The long-term survival rate for women diagnosed with ductal carcinoma in situ (DCIS) or non-invasive breast cancer is excellent, according to a new study released in August. The study, “Breast Cancer Mortality After a Diagnosis of Ductal Carcinoma In Situ” revealed that this held true regardless of the type of treatment.

Are Women Opting Against Ductal Carcinoma In Situ Treatment?

It’s no surprise that these results were met with some raised eyebrows and of course concerns in the medical community, especially considering DCIS is almost exclusively diagnosed by mammography and some women may view these findings as a green light to cancel those appointments or ignore a diagnosis of DCIS.

Yet, there is no “right” way to treat DCIS. Like any cancer, there are a variety of factors at play ranging from the biology of the tumor and patient’s age to menopausal status and lifestyle.   

The most common type of non-invasive breast cancer, DCIS, is considered non-invasive because it has not yet spread beyond the milk ducts to the surrounding tissue. While this type of breast cancer isn’t life threatening, having DCIS can increase a woman’s chance of later developing invasive breast cancer.

So the question remains: does it matter if I have DCIS? Should I opt for a double mastectomy, no mastectomy, lumpectomy? Or should I do nothing? Of course, there is no simple answer when it comes to the treatment of breast cancer and that logic holds true for women facing a DCIS diagnosis. We are all unique individuals armed with a vast array of biological characteristics and risks and physicians must treat your cancer with this same multi-faceted approach.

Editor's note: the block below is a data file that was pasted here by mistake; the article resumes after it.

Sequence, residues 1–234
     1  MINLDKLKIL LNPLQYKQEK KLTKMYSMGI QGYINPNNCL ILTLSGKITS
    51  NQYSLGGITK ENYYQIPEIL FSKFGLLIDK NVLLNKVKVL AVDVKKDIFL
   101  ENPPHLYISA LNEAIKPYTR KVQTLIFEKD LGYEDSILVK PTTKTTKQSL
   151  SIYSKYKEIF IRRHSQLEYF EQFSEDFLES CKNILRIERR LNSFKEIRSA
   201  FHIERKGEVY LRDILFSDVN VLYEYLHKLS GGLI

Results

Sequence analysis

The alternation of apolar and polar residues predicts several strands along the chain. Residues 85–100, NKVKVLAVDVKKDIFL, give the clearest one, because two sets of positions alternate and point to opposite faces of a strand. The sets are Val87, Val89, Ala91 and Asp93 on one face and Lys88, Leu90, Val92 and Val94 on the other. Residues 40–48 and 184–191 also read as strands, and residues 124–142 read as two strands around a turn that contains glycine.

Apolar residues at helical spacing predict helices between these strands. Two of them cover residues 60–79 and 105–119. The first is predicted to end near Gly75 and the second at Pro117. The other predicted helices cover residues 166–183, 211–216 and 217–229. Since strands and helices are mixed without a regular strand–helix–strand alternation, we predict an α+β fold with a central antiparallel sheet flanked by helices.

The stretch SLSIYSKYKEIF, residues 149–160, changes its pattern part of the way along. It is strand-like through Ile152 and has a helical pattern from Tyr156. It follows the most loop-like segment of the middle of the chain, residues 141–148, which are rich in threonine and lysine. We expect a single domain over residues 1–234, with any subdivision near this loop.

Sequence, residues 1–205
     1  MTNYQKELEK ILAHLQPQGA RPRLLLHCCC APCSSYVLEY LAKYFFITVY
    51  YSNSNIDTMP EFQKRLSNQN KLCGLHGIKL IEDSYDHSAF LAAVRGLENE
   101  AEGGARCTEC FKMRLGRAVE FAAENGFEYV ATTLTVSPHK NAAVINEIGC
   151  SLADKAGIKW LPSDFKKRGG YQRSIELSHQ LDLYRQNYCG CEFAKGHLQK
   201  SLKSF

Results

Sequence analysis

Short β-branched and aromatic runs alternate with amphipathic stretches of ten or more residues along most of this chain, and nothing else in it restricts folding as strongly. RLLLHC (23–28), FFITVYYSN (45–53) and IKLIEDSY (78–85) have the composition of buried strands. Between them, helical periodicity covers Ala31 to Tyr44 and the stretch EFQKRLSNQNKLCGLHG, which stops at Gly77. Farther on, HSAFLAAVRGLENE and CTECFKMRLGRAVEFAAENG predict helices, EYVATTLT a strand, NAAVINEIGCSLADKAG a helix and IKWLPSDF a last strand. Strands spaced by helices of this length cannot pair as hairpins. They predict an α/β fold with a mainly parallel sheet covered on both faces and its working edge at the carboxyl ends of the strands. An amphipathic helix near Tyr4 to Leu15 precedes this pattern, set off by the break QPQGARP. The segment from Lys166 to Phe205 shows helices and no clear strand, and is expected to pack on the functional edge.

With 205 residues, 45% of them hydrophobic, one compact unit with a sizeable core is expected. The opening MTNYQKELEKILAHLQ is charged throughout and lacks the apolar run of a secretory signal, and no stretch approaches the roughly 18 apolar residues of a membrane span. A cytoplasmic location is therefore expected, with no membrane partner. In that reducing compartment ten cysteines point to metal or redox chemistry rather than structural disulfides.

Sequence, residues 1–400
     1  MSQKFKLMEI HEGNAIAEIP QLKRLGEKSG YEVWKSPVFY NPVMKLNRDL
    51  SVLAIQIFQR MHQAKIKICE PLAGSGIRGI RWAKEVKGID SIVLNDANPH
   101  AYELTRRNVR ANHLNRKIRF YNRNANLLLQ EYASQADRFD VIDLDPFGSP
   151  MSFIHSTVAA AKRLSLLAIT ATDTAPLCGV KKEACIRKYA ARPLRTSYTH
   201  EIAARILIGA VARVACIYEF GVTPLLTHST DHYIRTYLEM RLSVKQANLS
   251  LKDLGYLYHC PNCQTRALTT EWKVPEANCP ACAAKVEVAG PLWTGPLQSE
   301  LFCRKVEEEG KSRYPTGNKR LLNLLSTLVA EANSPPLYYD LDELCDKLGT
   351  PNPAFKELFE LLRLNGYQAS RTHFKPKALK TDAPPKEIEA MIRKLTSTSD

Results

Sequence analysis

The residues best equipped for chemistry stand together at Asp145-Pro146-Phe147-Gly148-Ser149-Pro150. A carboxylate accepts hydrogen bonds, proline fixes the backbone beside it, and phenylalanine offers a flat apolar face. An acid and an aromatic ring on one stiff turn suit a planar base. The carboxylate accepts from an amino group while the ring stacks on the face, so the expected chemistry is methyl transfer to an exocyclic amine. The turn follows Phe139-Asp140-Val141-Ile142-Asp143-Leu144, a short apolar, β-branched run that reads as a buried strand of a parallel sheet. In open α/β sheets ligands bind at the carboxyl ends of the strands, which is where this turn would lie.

Deciding on Treatment for Ductal Carcinoma In Situ

The world of cancer treatment is not egalitarian – not all cancers are created equally. Some cancers require more aggressive treatment, while others may necessitate a gentler approach. And it’s not always clear cut. It may seem logical to consider a small tumor less dangerous, yet the small tumor may spread more quickly than the large one. The significant factor is the biology of the tumor.

The challenge we face in the medical community is to continue improving treatments for women diagnosed with breast cancer and to decrease or eliminate treatment in the cases where it’s unnecessary. In my experience, very few women diagnosed with DCIS choose to ignore it. Most patients hear “cancer” or “tumor” in any sort of form and their first reaction is to get rid of it through surgery.

Treating DCIS when all the risk factors point to surveillance over action is not always in the best interest of the patient. As additional studies are conducted we will have more data at our fingertips and be better equipped to answer the question of who needs immediate treatment.